Why I’m writing (and reading) short stories

When I’m asked what I’m writing on my Creative Writing MA, a lot of people seem surprised to hear that my answer is short stories.

As many of you might know, I have written one (and a half) novels, and until I started on my Creative Writing course, I had never even considered the idea of writing a short story, and I’m ashamed to say that I hadn’t read many either.

For me, the MA was a chance to refresh and reconsider my writing style, and to get away from my book which I was sick of and didn’t want to look at, or work on, anymore. I didn’t have any more ideas for new novels, but I did have have lots of fragments of characters and concepts and moments, so I merrily launched myself into writing short stories without really knowing what I was getting into.

Thankfully my university tutors and classmates are all appreciative and excited by short stories, even if that’s not what they write themselves, so I’ve had plenty of opportunity over the past year to hear their thoughts and recommendations, and to get useful feedback on my own short stories which have been varied and messy.

The form

Having only written long pieces before, it was difficult to get my ahead around the idea of condensing a whole story into 2-5,000 words. Writing novels gives you space to explore things in the long term and to be almost lazy in your approach. I’ll come back to that at some point, I would tell myself as I left things to be resolved later. I had space to use paragraphs to describe something, and no limits on how much I dwelled on something. In short stories, however, every single word counts. This definitely threw me at the beginning, but now I am obsessed with the idea of stories existing in these small spaces, and being just as important and compelling as novels of 80-90,000 words.

The first short story I wrote jumped around in time quite a bit which confused the reader and made it seem choppy and fragmented. I had the feedback that I was essentially trying to condense a novel into a short story which just didn’t work. By stripping it down and thinking about what I was trying to say in a different format, also by reading more short stories myself, I began to find the heart of my story – in its brevity – and it became a short story, as opposed to a novel in a few thousand words.

Also, side note: short stories are great places to explore your ideas and push the boundaries of the form. I spent a lot of time worrying that some of my short stories are quite atypical in form, but have since decided that the fun of a short story is that anything goes. If a short story feels too packed, however, it might mean that it will be better off in a longer form. In fact, many novels started as short stories as I have since discovered.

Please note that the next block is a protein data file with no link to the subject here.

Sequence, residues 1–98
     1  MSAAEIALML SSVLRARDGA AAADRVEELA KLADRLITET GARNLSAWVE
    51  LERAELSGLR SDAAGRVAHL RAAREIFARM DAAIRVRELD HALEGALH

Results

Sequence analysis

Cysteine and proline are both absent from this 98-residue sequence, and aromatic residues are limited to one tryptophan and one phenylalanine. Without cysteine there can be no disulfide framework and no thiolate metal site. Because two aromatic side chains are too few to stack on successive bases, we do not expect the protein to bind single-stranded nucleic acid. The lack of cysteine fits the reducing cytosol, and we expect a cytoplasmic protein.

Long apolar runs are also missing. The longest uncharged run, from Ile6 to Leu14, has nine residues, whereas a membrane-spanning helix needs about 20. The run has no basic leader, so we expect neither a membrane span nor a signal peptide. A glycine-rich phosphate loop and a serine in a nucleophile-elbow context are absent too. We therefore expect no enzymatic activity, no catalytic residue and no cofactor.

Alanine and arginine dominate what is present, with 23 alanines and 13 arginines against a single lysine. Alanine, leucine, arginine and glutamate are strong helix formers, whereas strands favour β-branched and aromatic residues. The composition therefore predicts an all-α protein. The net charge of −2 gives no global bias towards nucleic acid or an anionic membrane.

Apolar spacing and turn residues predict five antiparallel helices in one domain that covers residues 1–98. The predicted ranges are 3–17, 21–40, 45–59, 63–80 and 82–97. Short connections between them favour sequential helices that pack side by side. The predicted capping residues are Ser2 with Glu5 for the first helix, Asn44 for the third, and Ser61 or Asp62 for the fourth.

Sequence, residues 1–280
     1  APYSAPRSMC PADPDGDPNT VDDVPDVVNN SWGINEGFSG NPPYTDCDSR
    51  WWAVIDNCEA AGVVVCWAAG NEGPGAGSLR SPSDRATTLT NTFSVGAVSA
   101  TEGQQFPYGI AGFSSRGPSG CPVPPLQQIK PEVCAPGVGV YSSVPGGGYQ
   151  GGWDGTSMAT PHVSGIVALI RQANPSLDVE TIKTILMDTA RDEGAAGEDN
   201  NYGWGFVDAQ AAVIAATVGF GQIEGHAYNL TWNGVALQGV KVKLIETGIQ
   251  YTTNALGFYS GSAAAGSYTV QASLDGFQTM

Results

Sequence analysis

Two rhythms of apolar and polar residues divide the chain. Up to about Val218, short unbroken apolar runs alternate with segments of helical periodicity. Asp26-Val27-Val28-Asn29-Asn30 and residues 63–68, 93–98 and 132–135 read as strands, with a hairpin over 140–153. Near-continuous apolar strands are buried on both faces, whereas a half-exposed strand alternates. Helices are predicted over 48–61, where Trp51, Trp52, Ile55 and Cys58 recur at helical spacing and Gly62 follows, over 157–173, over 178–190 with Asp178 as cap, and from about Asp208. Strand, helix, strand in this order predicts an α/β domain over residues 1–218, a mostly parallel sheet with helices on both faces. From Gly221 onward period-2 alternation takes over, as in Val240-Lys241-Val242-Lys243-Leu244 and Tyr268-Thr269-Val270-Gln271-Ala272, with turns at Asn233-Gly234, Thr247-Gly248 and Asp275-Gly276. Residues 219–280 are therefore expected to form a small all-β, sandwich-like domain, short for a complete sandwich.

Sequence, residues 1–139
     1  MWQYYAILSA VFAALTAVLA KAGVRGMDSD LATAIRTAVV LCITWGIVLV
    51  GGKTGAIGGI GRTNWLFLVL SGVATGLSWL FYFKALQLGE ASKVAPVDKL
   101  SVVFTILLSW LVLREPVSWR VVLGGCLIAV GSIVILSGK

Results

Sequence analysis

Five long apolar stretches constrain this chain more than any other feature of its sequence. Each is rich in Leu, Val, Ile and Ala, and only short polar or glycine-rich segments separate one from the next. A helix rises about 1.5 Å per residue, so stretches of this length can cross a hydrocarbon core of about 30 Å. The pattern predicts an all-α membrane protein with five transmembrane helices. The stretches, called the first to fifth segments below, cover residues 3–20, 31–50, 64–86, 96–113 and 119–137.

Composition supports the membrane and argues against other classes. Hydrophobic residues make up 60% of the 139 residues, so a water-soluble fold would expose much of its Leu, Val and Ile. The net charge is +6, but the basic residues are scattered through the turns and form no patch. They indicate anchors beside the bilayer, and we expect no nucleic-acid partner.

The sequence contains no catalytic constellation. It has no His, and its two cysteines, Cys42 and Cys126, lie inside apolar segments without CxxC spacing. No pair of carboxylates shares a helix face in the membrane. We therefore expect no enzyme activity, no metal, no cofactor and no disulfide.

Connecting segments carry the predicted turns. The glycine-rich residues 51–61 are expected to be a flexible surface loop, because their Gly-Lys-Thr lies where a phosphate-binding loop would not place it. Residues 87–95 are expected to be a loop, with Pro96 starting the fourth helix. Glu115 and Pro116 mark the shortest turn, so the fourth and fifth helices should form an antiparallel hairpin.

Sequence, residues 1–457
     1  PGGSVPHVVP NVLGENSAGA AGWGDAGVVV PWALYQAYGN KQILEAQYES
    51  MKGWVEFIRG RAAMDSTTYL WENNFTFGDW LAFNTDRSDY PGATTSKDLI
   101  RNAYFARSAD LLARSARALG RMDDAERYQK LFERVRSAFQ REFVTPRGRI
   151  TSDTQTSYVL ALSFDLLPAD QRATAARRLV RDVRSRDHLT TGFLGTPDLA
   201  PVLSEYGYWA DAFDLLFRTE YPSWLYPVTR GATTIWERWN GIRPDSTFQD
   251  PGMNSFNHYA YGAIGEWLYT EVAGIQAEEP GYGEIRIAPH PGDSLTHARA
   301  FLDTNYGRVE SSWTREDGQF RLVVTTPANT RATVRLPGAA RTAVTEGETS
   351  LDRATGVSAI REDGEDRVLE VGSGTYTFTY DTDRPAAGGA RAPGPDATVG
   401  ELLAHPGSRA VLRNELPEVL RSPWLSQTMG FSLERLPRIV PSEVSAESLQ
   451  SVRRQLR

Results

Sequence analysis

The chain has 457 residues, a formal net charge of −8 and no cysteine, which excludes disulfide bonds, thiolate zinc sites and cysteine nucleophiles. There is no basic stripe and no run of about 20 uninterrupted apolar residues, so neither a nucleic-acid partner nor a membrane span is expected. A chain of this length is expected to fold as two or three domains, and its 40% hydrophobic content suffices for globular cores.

Why it’s made my writing better

My tutor once told me that each sentence of a short story is “the bones you must clean the gristle off” and this idea has really stuck with me. I’ve said before that less is more, but in a short story it’s so imperative that you say what you want to say in fewer words. The challenge of cutting everything down has done wonders for my writing style and, I believe, led to a spare, vivid style of prose that is different and more exciting to anything I’ve done before.

Challenging myself to write short stories has led me to pursue avenues of thought and strange ideas that I never would have been able to flesh out into novels. Not being pinned down by one thing, I feel a lot freer and able to experiment with my work and who I am as a writer.

That being said, it’s also exciting to be working on collections of short stories and I already have two very clear themes that I am writing about and exploring from different angles through my writing at the moment. I hope to one day be able to share these works (and also hope for a renaissance in short story literature so I can get them published!)

I haven’t abandoned my novel, or the idea of writing longer fiction in the future, but I know that when I get back to it I’ll have a renewed sense of purpose and an appreciation of how delicate language can be.

Recommendations

I’m aware that I’ve hardly scratched the surface that is the world of short stories, but I have been making an effort to read writers who have mastered the art. Here are a few of my favourites so far:

  • Attrib, Eley Williams – my tutor at university! The perfect short stories – sharp and thoughtful. The internalness of a moment inside the minds of different characters.
  • Bad Dreams, Tessa Hadley – I need to read more of her! I went to talk with her last year and she spoke about writing short stories vs writing fiction – it was very insightful and I love this collection.
  • Anything by Grace Paley – my tutor won’t stop raving about her, she’s unique and great.
  • Things to Make and Break, May-Lay Tan – weird and wonderful, these stories in turn creeped me out and inspired me.
  • The Beginning of the World in the Middle of the Night, Jen Campbell – short review here. I read these before my MA and love the fairy tale inspired gothicness of Campbell’s writing. I think I’ve accidentally inherited some of her mannerisms!
  • How Much the Heart Can Hold, various – a collection of longer stories by different authors, this one was interesting to see how similar and different stories based on a theme can be.

Notice a trend? Turns out I don’t really read male writers anymore. Oh well!

I’m really enjoying writing about writing again, and digesting and dissecting my MA. I have two essays and four short stories due at the beginning of September so am currently full steam ahead to get those finished before taking a break to work on some (fun) writing again. Consider this blog post both a process and a procrastination!

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